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The shift towards multi-disciplinarity in information science

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Abstract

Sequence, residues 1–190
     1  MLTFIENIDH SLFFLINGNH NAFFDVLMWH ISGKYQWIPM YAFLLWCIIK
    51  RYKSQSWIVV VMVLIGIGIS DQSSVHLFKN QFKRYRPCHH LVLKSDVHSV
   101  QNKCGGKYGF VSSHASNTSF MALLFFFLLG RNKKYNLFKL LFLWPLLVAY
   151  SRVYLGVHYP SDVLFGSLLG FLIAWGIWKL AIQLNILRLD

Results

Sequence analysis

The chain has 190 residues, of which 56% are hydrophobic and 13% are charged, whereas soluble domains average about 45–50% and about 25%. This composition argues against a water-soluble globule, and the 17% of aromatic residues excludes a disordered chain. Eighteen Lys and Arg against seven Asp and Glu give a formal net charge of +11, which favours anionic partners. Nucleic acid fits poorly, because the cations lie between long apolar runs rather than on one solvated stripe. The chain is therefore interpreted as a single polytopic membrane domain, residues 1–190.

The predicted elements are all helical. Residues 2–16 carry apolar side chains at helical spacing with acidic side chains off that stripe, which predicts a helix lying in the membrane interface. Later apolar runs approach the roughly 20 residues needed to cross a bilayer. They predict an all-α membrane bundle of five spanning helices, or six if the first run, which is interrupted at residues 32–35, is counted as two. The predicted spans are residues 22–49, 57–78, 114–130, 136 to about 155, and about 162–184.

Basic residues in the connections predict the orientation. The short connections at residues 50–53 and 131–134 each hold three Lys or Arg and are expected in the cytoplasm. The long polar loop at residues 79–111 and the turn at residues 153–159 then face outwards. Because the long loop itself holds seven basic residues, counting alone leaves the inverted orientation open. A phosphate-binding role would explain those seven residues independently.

This article analyzes the collaboration trends, authorship and keywords of all research articles published in the Journal of American Society for Information Science and Technology (JASIST). Comparing the articles between two 10-year periods, namely, 1988–1997 and 1998–2007, the three-fold objectives are to analyze the shifts in (a) authors' collaboration trends (b) top authors, their affiliations as well as the pattern of coauthorship among them, and (c) top keywords and the subdisciplines from which they emerge. The findings reveal a distinct tendency towards collaboration among authors, with external collaborations becoming more prevalent. Top authors have grown in diversity from those being affiliated predominantly with library/information-related departments to include those from information systems management, information technology, businesss, and the humanities. Amid heterogeneous clusters of collaboration among top authors, strongly connected cross-disciplinary coauthor pairs have become more prevalent. Correspondingly, the distribution of top keywords' occurrences that leans heavily on core information science has shifted towards other subdisciplines such as information technology and sociobehavioral science.

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